Jude Sabio, the lawyer from Misamis Oriental who filed a complaint against President Duterte before the International Criminal Court (ICC) in 2017, died of cardiac arrest in Manila on Monday, April 12, 2021. He was 57. According to Sabio who withdrew the case 2020, it was Antonio Trillanes who engaged his services to file the case. He reportedly tested positive for Covid-19. Cartoon by Steve Pabalinas.

Philippines’ War vs. Illegal Drugs

The human right groups continue to mischaracterize the Philippines’ War against the Illegal Drug Trade. Once again it bears repeating that official reports show there are no state-sanctioned killings in this drug war.

The concept of Extra-Judicial Killings (EJKs) has been abused by political propagandists and opponents of the Duterte administration, and the negative campaign continues to be echoed by Human Rights groups in the U.S.

Similar to the U.S., the drug problem in the Philippines is a national scourge, in which strict law enforcement policy and rehabilitation/treatment policies must be combined to save the country from becoming a narco-state and ensure hope for the future of the young generation.

Lumping together and attributing more than 9,000 to 10,000 nationwide killings, homicide, murders into one category and branding them as Extra-Judicial Killings perpetrated by the government, its police and military, is not only unfounded and baseless but also shows ignorance of basic human rights law.

For the record, below are the real numbers. Sources: Philippine Drug Enforcement Agency (PDEA), Philippine National Police (PNP), National Bureau of Investigation (NBI) and the Bureau of Customs.

1. There were 79,193 Anti-Drug operations conducted from July 1, 2016 to November 27, 2017;

2. More than 118,000 drug personalities have been arrested from July 1, 2016, November 27, 2017.

3. There were more than 1.3 million drug addicts and surrenderees from July 1, 2016 to July 26, 2017;

As of September 2017, more than 16,000 drug dependents are undergoing Department of Health (DOH) drug rehabilitation programs.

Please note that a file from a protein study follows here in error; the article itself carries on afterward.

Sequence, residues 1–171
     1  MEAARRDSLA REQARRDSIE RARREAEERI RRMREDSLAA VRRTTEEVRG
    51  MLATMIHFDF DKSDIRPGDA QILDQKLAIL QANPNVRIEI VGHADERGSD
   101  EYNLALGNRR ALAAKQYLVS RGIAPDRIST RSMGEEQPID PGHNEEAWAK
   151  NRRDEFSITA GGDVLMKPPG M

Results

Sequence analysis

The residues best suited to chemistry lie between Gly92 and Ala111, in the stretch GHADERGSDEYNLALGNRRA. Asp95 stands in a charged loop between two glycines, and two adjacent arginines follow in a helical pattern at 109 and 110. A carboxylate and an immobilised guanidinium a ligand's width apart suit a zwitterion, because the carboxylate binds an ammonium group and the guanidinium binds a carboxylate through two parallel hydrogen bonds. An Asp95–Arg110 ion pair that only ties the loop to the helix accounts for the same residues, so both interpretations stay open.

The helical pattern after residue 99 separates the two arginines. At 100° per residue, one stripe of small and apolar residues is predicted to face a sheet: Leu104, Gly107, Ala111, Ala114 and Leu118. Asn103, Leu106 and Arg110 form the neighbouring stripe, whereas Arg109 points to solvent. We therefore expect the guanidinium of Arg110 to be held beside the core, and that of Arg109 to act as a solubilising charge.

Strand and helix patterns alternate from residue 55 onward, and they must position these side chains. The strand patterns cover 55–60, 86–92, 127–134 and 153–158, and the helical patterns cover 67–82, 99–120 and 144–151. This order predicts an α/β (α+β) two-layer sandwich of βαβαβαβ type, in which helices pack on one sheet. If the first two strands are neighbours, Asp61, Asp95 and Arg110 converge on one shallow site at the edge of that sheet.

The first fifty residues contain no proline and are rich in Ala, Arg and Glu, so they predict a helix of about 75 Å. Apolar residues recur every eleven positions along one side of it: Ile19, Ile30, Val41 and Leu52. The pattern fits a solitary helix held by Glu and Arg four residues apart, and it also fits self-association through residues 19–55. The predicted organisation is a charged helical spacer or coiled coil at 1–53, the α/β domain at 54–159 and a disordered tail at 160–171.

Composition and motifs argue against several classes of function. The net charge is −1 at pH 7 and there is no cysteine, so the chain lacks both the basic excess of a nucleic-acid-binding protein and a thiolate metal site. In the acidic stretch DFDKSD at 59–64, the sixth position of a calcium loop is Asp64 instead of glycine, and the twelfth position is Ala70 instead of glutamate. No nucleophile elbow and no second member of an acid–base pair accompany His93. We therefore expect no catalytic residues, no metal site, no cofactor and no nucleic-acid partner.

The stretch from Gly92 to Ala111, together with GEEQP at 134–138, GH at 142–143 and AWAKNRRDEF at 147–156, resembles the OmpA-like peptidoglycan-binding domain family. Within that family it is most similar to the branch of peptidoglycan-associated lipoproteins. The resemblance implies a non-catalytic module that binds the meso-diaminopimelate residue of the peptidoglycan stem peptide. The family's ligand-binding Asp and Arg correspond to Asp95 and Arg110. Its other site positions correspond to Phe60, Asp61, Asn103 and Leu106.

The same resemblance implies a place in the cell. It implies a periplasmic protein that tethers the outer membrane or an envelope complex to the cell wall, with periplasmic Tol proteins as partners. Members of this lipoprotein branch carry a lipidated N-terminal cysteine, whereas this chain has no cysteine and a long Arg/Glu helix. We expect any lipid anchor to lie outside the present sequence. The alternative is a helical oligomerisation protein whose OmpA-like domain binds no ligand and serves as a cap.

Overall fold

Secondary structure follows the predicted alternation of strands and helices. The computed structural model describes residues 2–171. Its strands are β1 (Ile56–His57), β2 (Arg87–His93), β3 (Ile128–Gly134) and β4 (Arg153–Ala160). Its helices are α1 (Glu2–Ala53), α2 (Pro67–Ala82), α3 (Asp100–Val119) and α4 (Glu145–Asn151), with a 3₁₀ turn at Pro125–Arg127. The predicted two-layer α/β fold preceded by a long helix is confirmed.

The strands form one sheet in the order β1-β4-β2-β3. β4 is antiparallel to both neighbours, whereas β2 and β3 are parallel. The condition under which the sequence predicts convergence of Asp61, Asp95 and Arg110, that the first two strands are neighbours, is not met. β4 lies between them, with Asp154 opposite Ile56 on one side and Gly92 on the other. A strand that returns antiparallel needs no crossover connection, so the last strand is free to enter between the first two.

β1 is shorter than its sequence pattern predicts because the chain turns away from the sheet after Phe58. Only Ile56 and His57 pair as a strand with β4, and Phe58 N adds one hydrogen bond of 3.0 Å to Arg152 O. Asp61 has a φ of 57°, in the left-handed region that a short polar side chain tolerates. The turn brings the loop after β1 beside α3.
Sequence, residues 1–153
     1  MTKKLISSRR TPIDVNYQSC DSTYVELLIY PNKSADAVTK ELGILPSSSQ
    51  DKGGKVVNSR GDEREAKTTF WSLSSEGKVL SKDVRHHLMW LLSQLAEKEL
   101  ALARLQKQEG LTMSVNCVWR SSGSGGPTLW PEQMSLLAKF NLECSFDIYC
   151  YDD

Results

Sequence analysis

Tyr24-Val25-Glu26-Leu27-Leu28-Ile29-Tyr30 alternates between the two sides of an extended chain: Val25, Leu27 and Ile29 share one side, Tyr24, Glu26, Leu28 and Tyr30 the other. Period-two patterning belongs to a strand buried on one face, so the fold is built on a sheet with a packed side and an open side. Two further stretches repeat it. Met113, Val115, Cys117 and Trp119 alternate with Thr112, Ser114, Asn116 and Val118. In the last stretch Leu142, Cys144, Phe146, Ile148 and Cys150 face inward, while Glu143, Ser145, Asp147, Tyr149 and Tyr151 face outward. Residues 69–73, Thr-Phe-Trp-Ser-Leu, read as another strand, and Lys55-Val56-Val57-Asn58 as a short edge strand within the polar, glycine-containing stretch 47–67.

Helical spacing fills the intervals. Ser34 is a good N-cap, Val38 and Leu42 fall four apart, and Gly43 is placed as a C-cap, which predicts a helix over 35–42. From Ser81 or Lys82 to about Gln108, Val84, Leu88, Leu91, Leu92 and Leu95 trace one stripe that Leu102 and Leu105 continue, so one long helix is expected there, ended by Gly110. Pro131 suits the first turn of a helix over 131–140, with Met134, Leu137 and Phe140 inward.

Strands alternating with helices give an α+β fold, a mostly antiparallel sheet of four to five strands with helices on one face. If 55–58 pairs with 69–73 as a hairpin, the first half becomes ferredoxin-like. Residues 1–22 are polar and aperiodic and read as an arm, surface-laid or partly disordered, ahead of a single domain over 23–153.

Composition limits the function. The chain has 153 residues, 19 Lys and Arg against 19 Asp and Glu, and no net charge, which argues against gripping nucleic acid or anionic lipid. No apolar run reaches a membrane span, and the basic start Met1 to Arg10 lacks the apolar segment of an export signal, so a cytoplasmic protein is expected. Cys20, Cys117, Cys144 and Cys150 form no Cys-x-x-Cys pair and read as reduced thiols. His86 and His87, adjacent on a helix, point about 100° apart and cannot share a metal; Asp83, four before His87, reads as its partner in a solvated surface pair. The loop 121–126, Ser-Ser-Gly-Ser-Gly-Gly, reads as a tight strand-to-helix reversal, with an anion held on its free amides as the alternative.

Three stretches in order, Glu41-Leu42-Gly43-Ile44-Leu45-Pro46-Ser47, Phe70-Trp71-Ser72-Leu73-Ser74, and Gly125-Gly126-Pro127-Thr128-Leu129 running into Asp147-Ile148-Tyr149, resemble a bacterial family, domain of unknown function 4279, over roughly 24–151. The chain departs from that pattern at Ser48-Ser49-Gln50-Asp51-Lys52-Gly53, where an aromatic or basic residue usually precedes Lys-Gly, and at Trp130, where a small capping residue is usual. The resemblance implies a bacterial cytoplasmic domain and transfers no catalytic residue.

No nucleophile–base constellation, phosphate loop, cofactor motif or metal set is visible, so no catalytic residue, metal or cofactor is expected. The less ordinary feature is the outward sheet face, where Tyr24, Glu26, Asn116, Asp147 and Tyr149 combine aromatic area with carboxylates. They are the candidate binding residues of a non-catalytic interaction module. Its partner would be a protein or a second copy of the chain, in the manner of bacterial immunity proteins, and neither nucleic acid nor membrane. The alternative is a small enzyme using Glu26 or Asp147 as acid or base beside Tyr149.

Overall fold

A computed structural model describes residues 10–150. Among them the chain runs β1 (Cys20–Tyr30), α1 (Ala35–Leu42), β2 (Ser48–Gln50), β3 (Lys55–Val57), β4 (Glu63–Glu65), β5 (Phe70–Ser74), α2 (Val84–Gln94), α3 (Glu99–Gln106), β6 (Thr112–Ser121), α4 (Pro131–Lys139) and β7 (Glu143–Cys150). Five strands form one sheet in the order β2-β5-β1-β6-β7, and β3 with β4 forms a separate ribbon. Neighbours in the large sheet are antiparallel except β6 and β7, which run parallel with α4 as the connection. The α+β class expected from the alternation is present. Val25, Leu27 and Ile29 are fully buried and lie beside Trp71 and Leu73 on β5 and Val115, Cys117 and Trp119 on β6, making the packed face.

Of this figure, 2,236 drug dependents have already completed DOH drug rehabilitation program and more than 14,000 drug surrenderees have received livelihood and skills training by the Technical Education and Skills Development Authority.

4. There were 3,967 drug personalities who died in anti-drug operations from July 1, 2016 to November 27, 2017.

5. More than 16,000 Homicide cases were under investigation from July 1, 2016 to September 30, 2017.

6. More than 4,700 barangays have been declared drug-free as of November 27, 2017.

7. The value of seized illegal drugs including drug paraphernalia from July 1, 2016 to November, 27, 2017 is P18.92 billion.

8. Regarding Philippine National Police (PNP) Internal Cleansing: Recommended for dismissal from service from the period of July 2016 to December 2016 is 51, and 375 during the period from January 2017 to December 2017 – for a total of 426.

9. Dismissal of two cops involved and filing of murder charges regarding the death of 19-year-old Carl Arnaiz. (November 2017) ; Dismissal of Police officers due to drug-related charges: Tinio and Pagdilao; NCRPO relieved 1,000 police personnel of the Caloocan City police station to undergo retraining and reorientation.

More than 1,900 drug-related investigations have been carried out against law enforcers during July 1 2016 to June 15, 2017;

10. Regarding Lowering Crimes: 8.44% decrease in total crime volume; 20.56% decrease in index crimes; 23.61% decrease in robbery incidents.

11. 88% approves of the drug war; 78% of Filipinos express appreciation to the Duterte administration’s work in fighting criminality.

Secretary Harry Roque is a lawyer and the only Filipino in the List of Counsels in the International Criminal Court.

(To be continued)

Arnedo S. Valera is a licensed New York and Philippine Attorney for more than 30 years. He has a Master’s Degree in International Affairs with International Law and Human Rights as areas of Specialization in Columbia University, NY. He has a Bachelor of Laws degree from Ateneo De Manila University. Currently, he is the Executive Director of the Migrant Heritage Commission (MHC) and Chairperson of the US Pinoys for Real Change in the Philippines (USPRCP) both based in Metropolitan Washington D.C.